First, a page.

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    By Aldrena Corder

    I created Unraveled. Ms. Taylor’s Portrait using a quilting technique inspired by Lola Jenkins, a well-respected master quilter. Jenkins uses vibrant colors and patterns in her work to create portraits that depict experiences in the lives of the Black community. For this piece, I chose to stitch black thread onto white fabric. With the intentional absence of color, the viewer is confronted only by Breonna Taylor’s smile, contrasted with the vicious reality of her death. Using black and white, I wanted to convey a sense of timelessness while acknowledging the persistent struggle for equality for Black Americans — especially Black women.

    Sewing is an intimate and spiritual act for me, a way for me to connect to the rich heritage of making in the Black community. Historically, quilts have played significant roles socially and economically for Black women. Quilting bees afforded a way for Black women and girls to gather and share stories, lessons and warnings about life. Additionally, quilting bees provided space for voices to be heard and healing through shared experiences.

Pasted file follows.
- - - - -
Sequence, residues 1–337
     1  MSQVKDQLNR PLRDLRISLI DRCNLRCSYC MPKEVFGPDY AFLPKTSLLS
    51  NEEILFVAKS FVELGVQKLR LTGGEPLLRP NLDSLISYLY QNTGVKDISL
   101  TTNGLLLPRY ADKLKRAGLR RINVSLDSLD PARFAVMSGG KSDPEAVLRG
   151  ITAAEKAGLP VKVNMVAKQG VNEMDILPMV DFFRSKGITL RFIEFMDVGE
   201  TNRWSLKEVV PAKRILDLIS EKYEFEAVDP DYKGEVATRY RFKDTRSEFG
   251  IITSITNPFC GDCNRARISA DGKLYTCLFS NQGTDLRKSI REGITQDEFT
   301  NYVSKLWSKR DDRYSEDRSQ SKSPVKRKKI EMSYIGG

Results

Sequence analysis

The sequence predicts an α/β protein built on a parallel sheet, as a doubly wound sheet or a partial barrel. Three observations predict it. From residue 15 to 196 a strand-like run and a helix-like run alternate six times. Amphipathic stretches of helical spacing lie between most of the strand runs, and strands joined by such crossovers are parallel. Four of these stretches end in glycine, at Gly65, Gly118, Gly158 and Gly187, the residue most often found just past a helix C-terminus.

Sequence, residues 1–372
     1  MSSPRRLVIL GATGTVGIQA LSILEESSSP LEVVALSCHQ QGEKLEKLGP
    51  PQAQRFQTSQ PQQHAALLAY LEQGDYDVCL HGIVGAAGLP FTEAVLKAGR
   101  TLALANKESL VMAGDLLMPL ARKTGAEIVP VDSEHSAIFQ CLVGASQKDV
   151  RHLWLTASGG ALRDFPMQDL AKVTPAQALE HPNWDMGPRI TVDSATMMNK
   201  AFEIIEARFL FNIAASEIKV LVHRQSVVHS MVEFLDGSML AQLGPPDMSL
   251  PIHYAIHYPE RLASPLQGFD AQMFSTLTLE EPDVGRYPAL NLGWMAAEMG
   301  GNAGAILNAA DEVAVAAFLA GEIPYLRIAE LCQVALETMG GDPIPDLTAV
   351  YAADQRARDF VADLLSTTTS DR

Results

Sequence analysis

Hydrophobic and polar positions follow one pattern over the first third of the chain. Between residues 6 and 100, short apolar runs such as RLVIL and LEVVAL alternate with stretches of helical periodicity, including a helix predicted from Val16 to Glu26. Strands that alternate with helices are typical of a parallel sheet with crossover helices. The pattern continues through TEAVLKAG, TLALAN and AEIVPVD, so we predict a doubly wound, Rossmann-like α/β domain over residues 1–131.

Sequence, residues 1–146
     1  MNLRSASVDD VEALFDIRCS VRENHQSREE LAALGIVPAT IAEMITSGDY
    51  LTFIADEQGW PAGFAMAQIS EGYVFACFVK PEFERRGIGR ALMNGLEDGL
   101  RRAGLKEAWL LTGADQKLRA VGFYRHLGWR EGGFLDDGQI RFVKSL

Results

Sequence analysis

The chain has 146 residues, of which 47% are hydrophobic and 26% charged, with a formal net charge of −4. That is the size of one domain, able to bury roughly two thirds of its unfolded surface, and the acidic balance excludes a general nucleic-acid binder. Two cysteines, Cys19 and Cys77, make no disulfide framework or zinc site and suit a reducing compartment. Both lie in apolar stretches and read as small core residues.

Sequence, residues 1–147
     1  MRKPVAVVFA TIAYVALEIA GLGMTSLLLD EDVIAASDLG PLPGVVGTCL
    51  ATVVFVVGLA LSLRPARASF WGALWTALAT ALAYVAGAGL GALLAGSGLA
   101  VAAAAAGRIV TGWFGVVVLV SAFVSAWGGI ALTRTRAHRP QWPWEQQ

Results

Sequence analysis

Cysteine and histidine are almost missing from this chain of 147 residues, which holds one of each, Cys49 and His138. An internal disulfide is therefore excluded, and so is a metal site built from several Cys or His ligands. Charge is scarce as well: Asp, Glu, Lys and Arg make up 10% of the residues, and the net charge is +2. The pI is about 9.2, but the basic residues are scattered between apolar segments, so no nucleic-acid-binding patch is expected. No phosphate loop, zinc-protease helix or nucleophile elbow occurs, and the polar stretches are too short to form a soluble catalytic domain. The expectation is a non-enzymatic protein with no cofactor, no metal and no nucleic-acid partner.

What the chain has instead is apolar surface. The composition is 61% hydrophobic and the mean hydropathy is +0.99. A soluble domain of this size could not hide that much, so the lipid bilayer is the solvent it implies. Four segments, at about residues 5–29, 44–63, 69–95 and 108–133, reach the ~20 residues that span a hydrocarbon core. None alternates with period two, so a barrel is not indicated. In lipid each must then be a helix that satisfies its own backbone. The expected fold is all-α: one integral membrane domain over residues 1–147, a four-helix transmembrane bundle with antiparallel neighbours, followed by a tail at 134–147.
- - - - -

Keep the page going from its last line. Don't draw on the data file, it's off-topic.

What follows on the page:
Similarly, stitching Unraveled. Ms. Taylor’s Portrait by hand allowed a way to share in the pain and agony of her death. Creating this way brought a certain level of intimacy that, for me, I could not achieve digitally. Writing by hand, then stitching, “Say Her Name” repeatedly was a way for to me speak for Ms. Taylor and the other Black women and girls whose voices have been silenced and overshadowed and, ultimately, forgotten.

    Ripping parts of the image and leaving layers exposed are a nod to the impermanence and delicateness of life. The work for justice is not easy; it’s messy and raw. This is a community coming apart. Louisville is Breonna Taylor, and the city itself is struggling to come to terms with racial injustice, along with the entire country.

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